Putin lays flowers at Uzbek strongman’s grave
Russian President Vladimir Putin on Tuesday laid roses at the grave of late Uzbek leader Islam Karimov, whose death last week after 27 years in charge sparked fears of instability in the Central Asian nation.
Footage broadcast by Russian state television showed Putin kneeling at Karimov’s flower-covered grave in the historic city of Samarkand after he made a detour to ex-Soviet Uzbekistan on his way home from the G20 summit in China.
Putin also held talks with Uzbek Prime Minister Shavkat Mirziyoyev, in a further sign that he is the frontrunner to replace Karimov, who was announced dead at 78 on Friday after a stroke with no clear successor.
Long lambasted by rights groups for brutally crushing dissent, Karimov portrayed himself as a bulwark against radical Islam on the border of Afghanistan and played off Russia, the West and China against each other.
But the Russian leader praised Karimov for maintaining “stability” and said Russia would “do everything to support the Uzbek people and the Uzbek leadership.”
“You can count on us fully, as you can on your most faithful friends,” Putin said, according to Interfax news agency.
Mirziyoyev — a Karimov loyalist known as a tough-guy enforcer — told Putin that Uzbekistan’s ties with Russia were “completely strategic” and that Tashkent would look to “continue to develop” them, Interfax said.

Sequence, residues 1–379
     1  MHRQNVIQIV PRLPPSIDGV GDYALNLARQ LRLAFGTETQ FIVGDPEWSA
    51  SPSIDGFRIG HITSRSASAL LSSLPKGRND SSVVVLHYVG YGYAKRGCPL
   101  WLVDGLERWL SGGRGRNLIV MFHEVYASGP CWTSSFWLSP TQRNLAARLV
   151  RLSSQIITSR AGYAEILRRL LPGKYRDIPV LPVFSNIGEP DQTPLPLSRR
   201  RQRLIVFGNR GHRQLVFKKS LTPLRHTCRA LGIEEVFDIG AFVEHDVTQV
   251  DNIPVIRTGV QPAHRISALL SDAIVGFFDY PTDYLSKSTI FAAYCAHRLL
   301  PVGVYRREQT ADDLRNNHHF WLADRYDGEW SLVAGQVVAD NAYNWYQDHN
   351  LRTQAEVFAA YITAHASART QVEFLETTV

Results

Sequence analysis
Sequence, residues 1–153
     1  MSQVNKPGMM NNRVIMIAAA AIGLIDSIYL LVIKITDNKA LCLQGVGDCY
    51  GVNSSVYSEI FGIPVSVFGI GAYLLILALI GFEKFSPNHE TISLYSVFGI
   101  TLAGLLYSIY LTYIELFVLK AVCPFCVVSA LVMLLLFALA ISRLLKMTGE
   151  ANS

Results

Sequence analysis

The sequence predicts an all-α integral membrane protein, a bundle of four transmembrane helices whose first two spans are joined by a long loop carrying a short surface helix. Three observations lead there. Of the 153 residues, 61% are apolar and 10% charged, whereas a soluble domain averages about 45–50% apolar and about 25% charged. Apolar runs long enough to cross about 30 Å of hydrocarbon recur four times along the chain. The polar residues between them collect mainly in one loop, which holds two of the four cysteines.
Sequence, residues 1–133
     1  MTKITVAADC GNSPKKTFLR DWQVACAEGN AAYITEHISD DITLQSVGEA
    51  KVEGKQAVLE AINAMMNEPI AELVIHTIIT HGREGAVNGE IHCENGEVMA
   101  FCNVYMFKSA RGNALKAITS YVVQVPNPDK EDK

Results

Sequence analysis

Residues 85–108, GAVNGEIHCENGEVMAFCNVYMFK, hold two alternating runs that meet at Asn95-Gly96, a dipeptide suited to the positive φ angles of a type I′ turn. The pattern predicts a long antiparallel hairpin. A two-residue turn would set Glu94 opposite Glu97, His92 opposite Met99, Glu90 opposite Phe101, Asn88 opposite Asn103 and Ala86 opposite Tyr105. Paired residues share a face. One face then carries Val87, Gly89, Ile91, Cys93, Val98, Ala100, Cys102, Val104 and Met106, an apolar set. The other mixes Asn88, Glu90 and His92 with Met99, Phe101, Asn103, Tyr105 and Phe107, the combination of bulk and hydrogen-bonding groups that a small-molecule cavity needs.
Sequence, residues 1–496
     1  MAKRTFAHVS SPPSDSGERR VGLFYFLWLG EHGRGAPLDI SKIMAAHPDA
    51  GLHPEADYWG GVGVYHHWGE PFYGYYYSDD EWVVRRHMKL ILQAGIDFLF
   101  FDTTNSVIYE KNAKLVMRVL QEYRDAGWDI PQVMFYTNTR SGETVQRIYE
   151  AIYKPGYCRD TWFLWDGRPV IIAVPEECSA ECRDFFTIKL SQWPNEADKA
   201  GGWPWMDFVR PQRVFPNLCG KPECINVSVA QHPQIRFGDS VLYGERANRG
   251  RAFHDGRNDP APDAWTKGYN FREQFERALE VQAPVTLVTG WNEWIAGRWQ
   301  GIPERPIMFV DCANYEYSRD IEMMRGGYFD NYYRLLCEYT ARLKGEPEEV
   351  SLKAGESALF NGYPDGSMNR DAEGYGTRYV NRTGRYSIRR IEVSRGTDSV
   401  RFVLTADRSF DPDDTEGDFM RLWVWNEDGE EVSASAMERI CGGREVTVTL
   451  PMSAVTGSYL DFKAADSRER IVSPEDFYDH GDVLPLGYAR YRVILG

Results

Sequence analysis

“Your visit today says a lot and we are very grateful to you,” Mirziyoyev told Putin, calling it the “shoulder of a real friend” during a “difficult time”.
Footage also showed Putin greeting Karimov’s black-clad widow Tatyana and younger daughter Lola inside a marble-lined hall before bowing his head in front of a large portrait of the deceased president.
– Jihadist fears –
Karimov was one of the Communist Party bosses who managed to cling to power after the collapse of the Soviet Union, crushing Islamist groups at home as he imposed his iron-fisted rule.
During his time at the helm, he kept the cotton-rich nation of 32 million balanced between Moscow and the West, at one stage hosting a US base for its operation in neighbouring Afghanistan.
Analysts say that Moscow is keen to see an orderly transfer of power in the impoverished country given fears of the threat from jihadists close to its southern flank and could be hoping to exert more influence over Uzbekistan.
“Russia has always viewed stability on its southern border as a priority and especially so these days because of fears that (the Islamic State group) could exploit a power vacuum,” Scott Radnitz, a regional expert at the University of Washington, told AFP.
The Kremlin could try to draw Uzbekistan closer by offering a better deal for the roughly two million migrant workers from the impoverished country living in Russia or a generous loan, Radnitz said, but ultimately the new leadership is likely to keep treading its own course.
“As before, it will not put all its eggs in the Russian basket,” he said.